Footnote:     12 He also alleged that the transcript of the hearing on his Motion for Change of Venue, the final jury instructions, and portions of the transcript relating to the voir dire of four specific jurors were missing from the record. However, on September 28, 1994, the State responded to the defendant's request for a new trial by demonstrating that all of the items were available and would be submitted in an Additional Supplemental Record of Proceedings. Therefore, this Court held that this "supplementation of the record will moot Appellant's claim regarding the missing documents." Indiana Supreme Court Order, dated Oct. 6, 1994.
Footnote:     13 The defendant referred to potential shortcomings in his petition for an extension of time to file his supplemental brief on May 31, 1995, and provided a more detailed account in his supplemental brief filed on September 7, 1995.
Footnote:     14 The defendant contends that certain portions of the record were still indecipherable, in particular the individual voir dire of jurors who were not ultimately selected and the testimony of a social psychologist, who spoke of his research on the effect of pre-trial publicity on jurors and juries in general. Notwithstanding the defendant's forfeiture, we observe that these missing or indecipherable portions of the record do not raise any "material issues." See Indiana Supreme Court Order, dated Oct. 6, 1994 ("defense counsel shall report in writing to this Court whether such testimony or arguments raise any material issue"). The determination of "materiality" is based upon our standard of review for change of venue: "The mere possibility of prejudice is not enough to gain a change of venue; the defendant must show that jurors were unable to set aside preconceived notions of guilt and render a verdict based on the evidence." Davidson v. State, 580 N.E.2d 238, 244 (Ind. 1991) (emphasis added). The defendant, in his supplemental brief, specifically concedes the "jurors were able to set aside all that they may have previously read or heard about the case." Supp. Brief of Appellant at 5. In light of this standard of review, the testimony of a social psychologist to the contrary would not have been material, nor would the individual voir dire of jurors who were not ultimately selected. Thus, even had the defendant raised his objections to the reconstruction prior to the conclusion of the reconstruction, his objections were without merit and would not have been successful. The defendant's alternative claim that, to the extent that review is possible, the trial court should have granted a change of venue is also without merit. The defendant's concession that the jurors were able to set aside all that they may have previously read or heard about the case renders any further discussion unnecessary.
Footnote:     15 The defendant was arrested on January 28, 1991. On February 14, 1991, in Porter County, the defendant was charged with the December 13, 1990, murder of Harchand Dhaliwal and the December 16, 1990, murder of Marie Meitzler, the murders at issue in the present case. In a separate action filed in Lake County, Indiana, on March 1, 1991, the defendant was also charged with the December 18, 1990, shotgun murders of Eli and George Balovski. The defendant was convicted of the murders at issue in the present case on March 16, 1992. The defendant was convicted of the Balovski murders on May 4, 1992. See Peterson v. State, 674 N.E.2d 528 (Ind. 1996), petition for cert. filed (Oct. 14, 1997).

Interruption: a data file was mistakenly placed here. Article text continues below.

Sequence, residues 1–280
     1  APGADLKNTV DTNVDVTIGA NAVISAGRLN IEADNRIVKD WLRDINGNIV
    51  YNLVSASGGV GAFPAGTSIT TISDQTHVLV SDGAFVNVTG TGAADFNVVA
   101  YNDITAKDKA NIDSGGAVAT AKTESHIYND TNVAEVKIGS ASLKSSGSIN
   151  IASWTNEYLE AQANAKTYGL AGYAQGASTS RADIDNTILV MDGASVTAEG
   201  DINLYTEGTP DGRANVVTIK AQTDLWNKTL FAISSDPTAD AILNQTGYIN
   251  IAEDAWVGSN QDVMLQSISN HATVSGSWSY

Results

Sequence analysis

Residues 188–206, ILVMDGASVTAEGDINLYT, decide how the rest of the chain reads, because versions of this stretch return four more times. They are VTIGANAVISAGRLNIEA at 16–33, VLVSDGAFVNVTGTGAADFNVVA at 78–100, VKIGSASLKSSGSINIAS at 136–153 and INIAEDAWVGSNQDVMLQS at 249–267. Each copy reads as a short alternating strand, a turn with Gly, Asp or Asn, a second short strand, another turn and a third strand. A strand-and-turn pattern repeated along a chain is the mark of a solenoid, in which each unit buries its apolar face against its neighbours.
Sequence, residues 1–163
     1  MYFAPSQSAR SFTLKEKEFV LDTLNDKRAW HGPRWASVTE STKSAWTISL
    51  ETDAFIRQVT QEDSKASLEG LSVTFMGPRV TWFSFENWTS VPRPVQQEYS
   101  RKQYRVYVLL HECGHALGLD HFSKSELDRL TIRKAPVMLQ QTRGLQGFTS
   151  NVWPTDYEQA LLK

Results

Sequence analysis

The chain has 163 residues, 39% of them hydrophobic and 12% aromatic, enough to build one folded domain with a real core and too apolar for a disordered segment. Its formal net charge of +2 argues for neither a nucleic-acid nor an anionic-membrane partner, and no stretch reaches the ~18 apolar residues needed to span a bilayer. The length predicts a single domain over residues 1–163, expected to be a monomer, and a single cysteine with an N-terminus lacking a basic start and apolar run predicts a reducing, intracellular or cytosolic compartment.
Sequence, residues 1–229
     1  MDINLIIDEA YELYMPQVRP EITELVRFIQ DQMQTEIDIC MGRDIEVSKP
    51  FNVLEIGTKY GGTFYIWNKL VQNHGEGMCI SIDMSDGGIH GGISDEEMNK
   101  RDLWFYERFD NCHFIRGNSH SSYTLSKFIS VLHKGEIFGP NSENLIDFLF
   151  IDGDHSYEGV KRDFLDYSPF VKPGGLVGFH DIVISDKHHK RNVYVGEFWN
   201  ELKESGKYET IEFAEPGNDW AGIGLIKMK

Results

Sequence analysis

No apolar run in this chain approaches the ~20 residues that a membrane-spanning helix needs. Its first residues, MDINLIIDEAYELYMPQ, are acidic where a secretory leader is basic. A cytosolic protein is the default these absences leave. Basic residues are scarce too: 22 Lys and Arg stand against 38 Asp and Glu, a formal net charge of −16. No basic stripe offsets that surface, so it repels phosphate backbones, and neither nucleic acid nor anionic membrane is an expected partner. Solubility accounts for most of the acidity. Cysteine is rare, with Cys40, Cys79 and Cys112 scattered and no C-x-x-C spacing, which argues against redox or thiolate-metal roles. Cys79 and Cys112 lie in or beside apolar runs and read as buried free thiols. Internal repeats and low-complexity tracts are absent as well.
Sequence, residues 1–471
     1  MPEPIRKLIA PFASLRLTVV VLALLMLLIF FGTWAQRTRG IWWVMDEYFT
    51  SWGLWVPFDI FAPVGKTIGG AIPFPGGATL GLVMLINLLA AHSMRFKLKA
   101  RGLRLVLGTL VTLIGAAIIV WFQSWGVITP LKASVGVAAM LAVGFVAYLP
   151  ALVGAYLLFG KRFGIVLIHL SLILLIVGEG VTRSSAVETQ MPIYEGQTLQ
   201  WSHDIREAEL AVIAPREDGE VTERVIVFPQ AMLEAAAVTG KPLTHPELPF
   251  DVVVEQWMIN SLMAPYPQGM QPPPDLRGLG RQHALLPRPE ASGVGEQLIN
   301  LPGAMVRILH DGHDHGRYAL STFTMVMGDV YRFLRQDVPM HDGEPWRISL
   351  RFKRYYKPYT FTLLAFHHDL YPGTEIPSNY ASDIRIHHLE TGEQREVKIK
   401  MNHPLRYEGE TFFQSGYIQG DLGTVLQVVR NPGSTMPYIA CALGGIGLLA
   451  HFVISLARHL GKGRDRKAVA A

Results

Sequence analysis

Footnote:     16 Indiana Trial Rule 61 provides: "No error in either the admission or the exclusion of evidence and no error or defect in any ruling or order in anything done or omitted by the court or by any of the parties is ground for granting relief under a motion to correct errors or for setting aside a verdict or for vacating, modifying or otherwise disturbing a judgment or order or for reversal on appeal, unless refusal to take such action appears to the court inconsistent with substantial justice. The court at every state of the proceeding must disregard any error or defect in the proceeding which does not affect the substantial rights of the parties."

Footnote:     17 While we are aware that the prosecutor initially stated, "Let the Defendant tell you why . . . ," the prosecution pointed out to the trial court that it had been referring to defense counsel generally as "the defendant" throughout the proceedings--just as this Court has in this opinion-- and was not referring to the defendant, Mr. Peterson, literally. Record at 5568. We also note that, as soon as the defendant objected, the prosecutor immediately restated his comment as "defendant's counsel." Record at 5568. This Court, in Moore v. State, 669 N.E.2d 733 (Ind. 1996), was similarly presented with comments in which the "prosecutor inadvertently mentioned [the defendant's] decision not to testify and then immediately attempted to correct that slip of the tongue . . . ." Id. at 739. In Moore, we held that "a reasonable jury could not have interpreted the statement as a suggestion to infer guilt from Moore's silence." Id.